Matchmaking for California salmon

Global Business

Matchmaking for California Salmon

Dams and droughts are making it difficult for salmon to reproduce in California. Now hatchery programs are working to breed salmon in captivity but the process is flawed due to problems in keeping the fish DNA diverse.

CCTV’s Mark Niu reports one scientist claims he’s created a matchmaking service to alleviate the problem.

Genetics used to improve salmon hatcheries

Dams and droughts are making it difficult for salmon to reproduce in California. Now hatchery programs are working to breed salmon in captivity but the process is flawed due to problems in keeping the fish DNA diverse. CCTV’s Mark Niu reports one scientist claims he’s created a matchmaking service to alleviate the problem.


At the Warm Springs Hatchery in Northern California, scientists tag and scan male Coho Salmon. Researchers need to know how often each one has been used to reproduce and which eggs will be their best match.

A three-hour drive away in Santa Cruz, California, 11,000 fish tissue samples arrive at the lab each year. Geneticist John Carlos Garza leads a team that extracts fish DNA, puts it on a chip, and then builds a matrix that determines which Coho Salmon are related in order to avoid inbreeding.

“We are determining on an individual fish basis, who mates with whom, we are essentially ranking partners for each individual female salmon It is in that sense, a matchmaking service,” said John Carlos Garza the research geneticist at the Southwest Fisheries Science Center.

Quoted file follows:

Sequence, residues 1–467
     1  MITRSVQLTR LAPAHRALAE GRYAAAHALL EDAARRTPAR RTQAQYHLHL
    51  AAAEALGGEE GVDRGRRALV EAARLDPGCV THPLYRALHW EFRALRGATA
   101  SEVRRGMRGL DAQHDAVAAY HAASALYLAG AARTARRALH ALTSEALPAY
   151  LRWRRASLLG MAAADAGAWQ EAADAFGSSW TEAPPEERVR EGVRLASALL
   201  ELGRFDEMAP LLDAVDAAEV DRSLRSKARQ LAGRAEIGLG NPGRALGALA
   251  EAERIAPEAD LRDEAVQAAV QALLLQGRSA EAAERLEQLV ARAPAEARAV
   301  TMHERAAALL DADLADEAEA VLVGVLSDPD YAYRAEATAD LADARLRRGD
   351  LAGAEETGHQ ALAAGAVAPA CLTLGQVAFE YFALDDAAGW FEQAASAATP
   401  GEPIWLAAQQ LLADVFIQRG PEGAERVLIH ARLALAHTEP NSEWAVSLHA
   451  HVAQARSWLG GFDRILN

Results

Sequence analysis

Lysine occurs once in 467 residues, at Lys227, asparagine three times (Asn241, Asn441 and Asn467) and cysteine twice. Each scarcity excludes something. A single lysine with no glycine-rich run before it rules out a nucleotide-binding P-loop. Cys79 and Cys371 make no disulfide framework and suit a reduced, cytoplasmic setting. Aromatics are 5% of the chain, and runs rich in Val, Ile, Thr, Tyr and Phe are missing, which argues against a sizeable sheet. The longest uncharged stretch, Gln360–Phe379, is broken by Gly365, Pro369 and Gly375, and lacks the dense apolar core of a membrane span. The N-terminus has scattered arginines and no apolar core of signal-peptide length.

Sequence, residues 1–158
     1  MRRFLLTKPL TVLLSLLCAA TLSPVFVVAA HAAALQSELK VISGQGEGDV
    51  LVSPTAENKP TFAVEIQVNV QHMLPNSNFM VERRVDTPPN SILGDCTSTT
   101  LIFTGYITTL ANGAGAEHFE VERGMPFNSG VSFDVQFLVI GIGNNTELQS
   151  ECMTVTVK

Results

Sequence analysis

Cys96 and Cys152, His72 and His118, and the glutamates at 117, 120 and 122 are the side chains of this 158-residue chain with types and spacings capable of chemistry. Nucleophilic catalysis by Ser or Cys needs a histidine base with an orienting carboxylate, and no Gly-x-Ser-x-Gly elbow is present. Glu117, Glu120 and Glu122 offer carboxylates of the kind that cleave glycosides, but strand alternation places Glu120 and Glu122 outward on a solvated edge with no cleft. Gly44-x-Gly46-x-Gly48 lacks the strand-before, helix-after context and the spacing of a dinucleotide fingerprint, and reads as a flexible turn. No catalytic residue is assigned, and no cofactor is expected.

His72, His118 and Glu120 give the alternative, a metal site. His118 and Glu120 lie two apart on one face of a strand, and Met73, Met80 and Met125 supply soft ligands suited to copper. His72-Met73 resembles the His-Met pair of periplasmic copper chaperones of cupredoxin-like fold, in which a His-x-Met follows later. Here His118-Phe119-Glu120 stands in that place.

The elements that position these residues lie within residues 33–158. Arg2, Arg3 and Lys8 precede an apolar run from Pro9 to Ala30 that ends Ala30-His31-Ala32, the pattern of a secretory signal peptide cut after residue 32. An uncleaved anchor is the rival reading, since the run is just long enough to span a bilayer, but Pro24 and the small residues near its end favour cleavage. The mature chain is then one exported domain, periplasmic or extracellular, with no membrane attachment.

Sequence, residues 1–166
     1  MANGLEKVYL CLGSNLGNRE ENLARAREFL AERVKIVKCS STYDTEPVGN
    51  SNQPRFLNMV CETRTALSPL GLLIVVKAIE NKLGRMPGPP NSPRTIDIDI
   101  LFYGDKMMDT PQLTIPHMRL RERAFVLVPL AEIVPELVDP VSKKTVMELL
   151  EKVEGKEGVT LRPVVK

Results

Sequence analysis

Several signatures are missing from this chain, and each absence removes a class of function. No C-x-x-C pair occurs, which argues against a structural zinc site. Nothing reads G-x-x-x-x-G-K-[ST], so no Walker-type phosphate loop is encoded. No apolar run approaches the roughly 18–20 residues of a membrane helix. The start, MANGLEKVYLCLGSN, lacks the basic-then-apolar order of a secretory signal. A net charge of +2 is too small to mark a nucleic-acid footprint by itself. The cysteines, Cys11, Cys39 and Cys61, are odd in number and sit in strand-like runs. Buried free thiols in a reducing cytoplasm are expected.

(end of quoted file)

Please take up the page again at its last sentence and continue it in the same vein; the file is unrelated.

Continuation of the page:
The matrix is relayed to hatcheries, where the leading males are retrieved and sperm samples checked. The female salmon are killed but their eggs extracted and fertilized.

“Since we’ve started this program, we’ve seen the number of adults coming back to the watershed increase almost every year except for the past few drought years, so I would say that without this program there might not be any fish out there,” said Benjamin White a Fisheries Biologist.

Garza admitted when humans think they know better than nature, they usually don’t. But as researchers observe Coho Salmon populations go from near extinction to healthy levels, Garza said for now, they’ll keep working to mimic nature as best as humanly possible.

John Carlos Garza, Research Geneticist, Southwest Fisheries Science Center explains how hatcheries may have accelerated the decline of Salmon populations and how they’re working to change that.

One More Question: How hatcheries hurt salmon population

John Carlos Garza, Research Geneticist, Southwest Fisheries Science Center explains how hatcheries may have accelerated the decline of salmon populations and how they’re working to change that.